WHEREFORE, the Decision of the Court of Appeals in CA-G.R. SP. No. 19845, dated December 15, 1993, is AFFIRMED.  The instant petition for review on certiorari is DENIED.

SO ORDERED.

Davide, Jr., C.J., (Chairman), Puno, and Kapunan JJ., concur.
Pardo, J., no part.



[1] Fourteenth Division, composed of Associate Justices: Angelina S. Gutierrez (ponente), Jaime M. Lantin (Chairman), and Bernardo P. Pardo. (See Rollo, p. 17)

[2] Rollo, pp. 42-46.

[3] Presided by Judge Pedro C. Cruz.

[4] Rollo, pp. 38-39.

[5] Complaint, Rollo, p. 38.

[6] Rollo, pp. 44-45.

[7] Rollo, pp. 79-80.

[8] Rollo, p. 46.

[9] Rollo, p. 51.

[10] Rollo, p. 52.

[11] Rollo, p. 53.

[12] To prove the purported sale, petitioners presented the following -

"a) Annex `S' Deed of Extra Judicial Settlement and Sale of portion of Lot 1399, dated August 15, 1966, signed by Vicente Breva and Sofronio Breva and thumb marked by Eusebio Breva, Fortunata Preva (sic) and Fidela Breva, concerning Lot 1399 Tabaco Cadastre.

b) Annex `T' dated January 1975, Deed of Sale of portion of Lot 1399 thumb marked by the Vendor Eusebio Breva, in favor of Avelina Vergara Bola.

c) Annex `U' dated August 30, 1977, Deed of Absolute Sale of part of Lot 1399, thumb marked by Eusebio Breva in favor of Porferio Bueno.

d) Annex `V' dated September 5, 1979, Deed of Absolute Sale of part of lot 1399, thumb marked by Fidela Breva in favor of Rolando Bola.

e) Annex `W' dated August 14, 1981 Deed of Absolute Sale of part of Lot 1399, thumb marked by Fortunata Breva in favor of Rolando Bola." (See Rollo, pp. 103-104).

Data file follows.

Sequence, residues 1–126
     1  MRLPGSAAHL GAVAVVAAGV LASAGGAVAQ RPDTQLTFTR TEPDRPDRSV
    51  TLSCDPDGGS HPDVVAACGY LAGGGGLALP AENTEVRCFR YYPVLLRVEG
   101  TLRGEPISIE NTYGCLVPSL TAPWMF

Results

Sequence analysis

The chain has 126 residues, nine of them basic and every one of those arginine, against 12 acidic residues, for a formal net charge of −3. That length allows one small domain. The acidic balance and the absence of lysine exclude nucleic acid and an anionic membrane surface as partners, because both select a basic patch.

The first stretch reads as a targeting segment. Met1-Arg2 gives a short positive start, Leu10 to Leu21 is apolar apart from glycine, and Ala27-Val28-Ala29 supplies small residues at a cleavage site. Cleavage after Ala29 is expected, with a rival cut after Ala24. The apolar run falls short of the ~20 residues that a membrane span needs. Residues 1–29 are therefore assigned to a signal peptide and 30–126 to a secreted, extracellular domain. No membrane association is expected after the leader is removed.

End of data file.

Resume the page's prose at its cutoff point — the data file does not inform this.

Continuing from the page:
[13] Rollo, p. 56.

[14] Rollo, p. 66-67.

[15] Rollo, p. 17.

[16] Rollo, p. 4.

[17] 1997 Rules of Civil Procedure, Rule 47, Section 2; Ruiz v. Court of Appeals, 201 SCRA 577, 583 (1991); citing: Mercado v. Ubay, 187 SCRA 719 (1990).

[18] Ruiz, supra, citing: Asian Security and Insurance Company, Inc. v. Island Steel, Inc., 118 SCRA 233 (1982).

[19] G.R. No. L-29080, August 17, 1976, 72 SCRA 326, 343-344; citing: Aring v. Original, 6 SCRA 1021, 1025 (1962); Velasco v. Velasco, 2 SCRA 736 (1961); 46 Am. Jur. 913; and U.S. v. Throckmorton, 25 L. ed. 93, 95.

[20] Comment/Opposition to Plaintiff's Motion for Reconsideration, Rollo, pp. 62-64; See also Order, Rollo, p. 66.

[21] Order, Rollo, p.67.

[22] G.R. No. 102996, 222 SCRA 763, 771 (1993).

[23] G.R. No. 126673, 294 SCRA 714, 723 (1998); citing Palanca v. American Food Manufacturing Co., 24 SCRA 819 (1968) and Santos v. Court of Appeals, 224 SCRA 673 (1993).

[24] Philippine National Construction Corporation v. Court of Appeals, G.R. No. 116896, 272 SCRA 183, 196 (1997); citing; Roces v. Aportadera, 243 SCRA 108, 114 (1995); Vallende v. NLRC, 245 SCRA 662, 666-667 (1995); Navarro III v. Damasco, 246 SCRA 260, 265 (1995).

[25] Rollo, pp. 53-55.

[26] Motion for Reconsideration and/or to set aside order dated June 9, 1992, Rollo, pp. 68-72.